Olympic Soccer: 2008 Olympic Stars Who Failed to Live Up to Expectations
Football at the 2012 London Olympics will give emerging young talents some worldwide coverage. You should document the best U-23 players at the Olympics and see where they are in four years time.
This article will look at the stars of the 2008 Beijing Olympics who've since failed to live up to expectations.
Notorious underachievers like Royston Drenthe, Ryan Babel and Freddy Adu won't be listed because they didn't perform like stars during the tournament.
Belgium: Faris Haroun
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Who would have thought that Faris Haroun's midfield partner would make the transition into an elite centre-back. Do you know who I'm talking about? Jan Vertonghen, who donned the No. 10 shirt, the same number Enzo Scifo wore at two FIFA World Cups.
Vertonghen didn't make much of an impression but Haroun certainly did.
Haroun was boisterous, competitive and a great leader on the field.
Instead of playing for Tottenham Hotspur like Vertonghen, Haroun is playing for Middlesbrough.
Nigeria: Sani Kaita
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Sani Kaita was the heart and soul of Samson Siasia's Silver medal-winning Nigerian squad.
Kaita and Femi Ajilore worked tirelessly to win back possession, which allowed Solomon Okoronkwo and Victor Obinna to wreak havoc.
If Kaita played the same way he did in Beijing every week, he'd be on the books of Arsenal or Inter Milan.
Argentina: Ezequiel Garay
Ezequiel Garay was more dominant in the air than on the ground. He could bring the ball out of defence and was a physical specimen.
Those who watched him at the Beijing Olympics weren't surprised when Real Madrid came calling. You know what was surprising? Garay not getting an extended run even when Real's back four was Arsenal-esq.
Belgium: Tom De Mul
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Moussa Dembélé may have grabbed the headlines with his goals but it was Tom de Mul's mazey dribbling which created many opportunities for Dembélé.
Ironically Dembélé plays De Mul's role at Fulham, with Clint Dempsey and Pavel Pogrebnyak cashing in last season.
De Mul's career has been dented by injuries, and as a result, he lost that first step, which is why his dribbling suffered.
Looking at Jean-François de Sart's squad, the best four players going forward were the ones who flew under the radar: Vincent Kompany, Jan Vertonghen, Thomas Vermaelen and Marouane Fellaini.
Kompany and Fellaini didn't play again after their indiscretions against Brazil. Vertonghen was outshone by Faris Haroun. Vermaelen marshaled a back four that conceded goals for fun.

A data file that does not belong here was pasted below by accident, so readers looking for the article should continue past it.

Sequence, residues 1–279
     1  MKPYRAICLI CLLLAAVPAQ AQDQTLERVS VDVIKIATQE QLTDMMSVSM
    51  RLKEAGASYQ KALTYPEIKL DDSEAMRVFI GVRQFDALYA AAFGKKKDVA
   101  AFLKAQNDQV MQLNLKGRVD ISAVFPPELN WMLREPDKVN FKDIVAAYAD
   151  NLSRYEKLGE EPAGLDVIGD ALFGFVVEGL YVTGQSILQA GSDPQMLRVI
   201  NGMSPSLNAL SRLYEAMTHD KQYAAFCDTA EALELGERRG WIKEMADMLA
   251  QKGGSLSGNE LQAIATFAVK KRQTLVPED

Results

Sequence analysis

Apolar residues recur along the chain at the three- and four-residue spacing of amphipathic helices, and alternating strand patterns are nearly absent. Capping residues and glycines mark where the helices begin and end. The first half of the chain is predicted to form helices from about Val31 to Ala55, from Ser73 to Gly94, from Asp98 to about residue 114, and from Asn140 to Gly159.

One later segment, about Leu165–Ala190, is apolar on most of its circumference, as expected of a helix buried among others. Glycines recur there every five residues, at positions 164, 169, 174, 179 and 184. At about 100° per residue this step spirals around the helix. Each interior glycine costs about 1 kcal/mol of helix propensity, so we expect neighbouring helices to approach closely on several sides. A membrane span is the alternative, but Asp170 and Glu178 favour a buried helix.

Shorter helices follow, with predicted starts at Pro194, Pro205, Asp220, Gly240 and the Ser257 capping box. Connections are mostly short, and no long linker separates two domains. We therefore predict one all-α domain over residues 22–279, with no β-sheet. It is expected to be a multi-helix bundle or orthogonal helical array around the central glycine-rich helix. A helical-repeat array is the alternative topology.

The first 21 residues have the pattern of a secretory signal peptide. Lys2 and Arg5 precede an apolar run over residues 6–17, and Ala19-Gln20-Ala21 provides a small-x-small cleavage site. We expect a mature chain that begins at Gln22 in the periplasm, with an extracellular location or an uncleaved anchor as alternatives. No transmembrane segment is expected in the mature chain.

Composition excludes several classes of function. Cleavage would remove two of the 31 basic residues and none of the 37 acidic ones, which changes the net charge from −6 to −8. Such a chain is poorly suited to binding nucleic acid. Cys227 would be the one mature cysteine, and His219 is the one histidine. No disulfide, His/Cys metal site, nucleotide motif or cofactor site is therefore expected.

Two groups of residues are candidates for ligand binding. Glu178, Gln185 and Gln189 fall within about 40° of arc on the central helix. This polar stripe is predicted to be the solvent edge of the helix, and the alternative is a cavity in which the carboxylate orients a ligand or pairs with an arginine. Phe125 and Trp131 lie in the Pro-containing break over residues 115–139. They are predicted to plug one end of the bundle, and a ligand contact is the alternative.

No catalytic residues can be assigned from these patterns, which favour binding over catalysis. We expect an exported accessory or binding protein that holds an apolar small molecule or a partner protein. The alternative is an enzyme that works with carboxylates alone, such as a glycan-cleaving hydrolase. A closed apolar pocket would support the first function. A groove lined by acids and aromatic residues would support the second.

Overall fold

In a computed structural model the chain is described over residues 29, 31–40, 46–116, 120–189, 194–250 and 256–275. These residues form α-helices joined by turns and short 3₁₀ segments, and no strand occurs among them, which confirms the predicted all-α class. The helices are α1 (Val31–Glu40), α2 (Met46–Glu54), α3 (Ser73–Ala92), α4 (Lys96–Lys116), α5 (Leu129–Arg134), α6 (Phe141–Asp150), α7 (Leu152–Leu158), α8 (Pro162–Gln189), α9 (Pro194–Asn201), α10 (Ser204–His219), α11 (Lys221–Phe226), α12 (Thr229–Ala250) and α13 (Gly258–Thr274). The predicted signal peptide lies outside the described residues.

Ivory Coast: Salomon Kalou
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Salomon Kalou played well in Beijing but he wasn't the best player on his team. That accolade belonged to some guy from Le Mans called Gervais Lombe Yao Kouassi, perhaps better known as Gervinho.
Kalou never fulfilled his potential at Chelsea because he allowed management to misuse him.
Moving to Lille is a smart footballing decision because he is now the alpha male of the team.
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Four years ago, Diego had the world at his feet and was on the brink of superstardom. He wasn't look-at-me dominant like Carlos Tévez in Athens, but Diego was at his classy best in Beijing.
He could do it all as a No. 10—lofting long balls to Jō, through balls to Alexandre Pato, 1-2s with Ronaldinho, the ability to conduct play, dribble in tight spaces and finishing under duress.
When you think about it, 2008 was the last superstar year Diego had.
Why has he failed so dramatically?
There's a reason why Romário bolted back to Brazil—he couldn't deal with the discipline and rigour of European football.
Diego is the same but he's stayed the course, which has seen him sadly struggle for Juventus and Wolfsburg. He rekindled some remnants of the old Diego on loan at Atlético Madrid but it was still a shade of a player whose upside was as high as Lionel Messi.
Talking about Brazil, Diego's teammates Rafael Sóbis and Thiago Neves also failed to live up to expectations. Though there's another Brazilian that catastrophically blew his chance of being something special—you'll soon find out who I'm referring to.
Nigeria: Victor Obinna
Victor Obinna showed the world how he could accelerate past any opposing player.
In terms of productivity and flair, he was the best attacking player during that tournament—yes, even better than Lionel Messi.
Obinna scored and provided a combined six goals compared to Messi's four. Bear in mind, Obinna played with inferior teammates.
Yet, Obinna didn't make the grade at Inter Milan and is now playing for Lokomotiv Moscow.
He had two world-class individual performances during his loan spell at West Ham United—four assists against Manchester United and a hat trick against Nottingham Forest.
He could have been so much better.
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Breno was a man-child who was strong in the tackle and read the play well enough to make several key interceptions.
He was just 18 years old. How could he be that good?
God gave him the technical and physical tools to become a world-class centre-back. To even the playing field, God decided that Breno would be an impulsive, psychologically flawed and second-rate human being.
Earlier this month, he was jailed for three years and nine months for burning down the house he rented.